Daniel H. Janzen

Professor of Biology
School of Arts & Sciences

What’s your job?
“What we [Janzen and his research partner, biologist Winnie Hallwachs] do, aside from teaching courses, is facilitate the emergence and evolution of the national park structure and activity in Costa Rica. We do this by studying biodiversity in those national parks and trying to figure out how, by understanding that biodiversity, we can help integrate that park with the rest of Costa Rica society. That is based on the concept that if Costa Rica society figures they are gaining from the society of national parks, they would be more willing to keep them existing.” Janzen and Hallwachs, who is also his wife, advocate for and raise money to preserve the Guanacaste Conservation Area, a chain of diverse ecosystems in northwest Costa Rica.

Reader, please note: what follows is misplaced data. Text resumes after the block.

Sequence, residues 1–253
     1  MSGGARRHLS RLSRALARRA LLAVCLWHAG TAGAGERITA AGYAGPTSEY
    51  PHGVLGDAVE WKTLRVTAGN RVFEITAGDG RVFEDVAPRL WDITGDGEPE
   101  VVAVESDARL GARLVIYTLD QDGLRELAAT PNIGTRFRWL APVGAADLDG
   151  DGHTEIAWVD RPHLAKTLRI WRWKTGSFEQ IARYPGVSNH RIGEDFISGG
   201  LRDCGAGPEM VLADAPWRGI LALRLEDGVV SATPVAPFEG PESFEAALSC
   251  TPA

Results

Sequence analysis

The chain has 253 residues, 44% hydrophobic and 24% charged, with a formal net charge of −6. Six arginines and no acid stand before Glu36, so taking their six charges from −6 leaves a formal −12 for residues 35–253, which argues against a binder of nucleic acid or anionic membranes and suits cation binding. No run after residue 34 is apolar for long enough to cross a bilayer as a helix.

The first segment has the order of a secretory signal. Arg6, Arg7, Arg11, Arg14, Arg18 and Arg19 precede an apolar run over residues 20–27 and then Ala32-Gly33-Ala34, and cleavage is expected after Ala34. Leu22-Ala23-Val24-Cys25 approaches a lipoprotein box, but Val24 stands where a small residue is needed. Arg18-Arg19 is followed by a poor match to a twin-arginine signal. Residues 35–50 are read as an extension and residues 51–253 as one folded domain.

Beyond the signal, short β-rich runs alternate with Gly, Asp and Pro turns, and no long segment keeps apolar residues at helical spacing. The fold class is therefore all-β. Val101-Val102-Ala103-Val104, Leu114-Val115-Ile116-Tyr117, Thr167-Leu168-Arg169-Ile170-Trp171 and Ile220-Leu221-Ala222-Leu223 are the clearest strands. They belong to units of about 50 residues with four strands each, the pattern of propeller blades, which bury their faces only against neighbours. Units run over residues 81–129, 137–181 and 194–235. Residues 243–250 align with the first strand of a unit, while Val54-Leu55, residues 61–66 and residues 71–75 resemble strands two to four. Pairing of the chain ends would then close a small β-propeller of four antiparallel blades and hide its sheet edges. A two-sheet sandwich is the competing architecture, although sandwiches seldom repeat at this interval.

What’s so crucial about these ecosystems?
“Think of them as multifaceted resource portfolios. … They’re basically water factories for big parts of the country. The second thing they are is effective universities where one can intelligently learn about and study nature.

Do you teach?
“I teach Bio 140 and 440 on humans and environment; they are about the ways that people interact with the rest of the non-people. … I study nature, not people, and I relate to people as I need to, to help nature stay in the game.”

Why is there a treadmill in your office?
“A donor bought one for us. I’m of that age—I need to do a moderate amount of exercise. It goes two miles an hour, flat. In days, you don’t know it’s there anymore. [I spend] six to 10 hours a day simply walking—that’s 10 to 20 kilometers [about six to 12 miles] of walking every day. It’s an amazingly useful device. Every faculty member ought to have one.”

--H.D.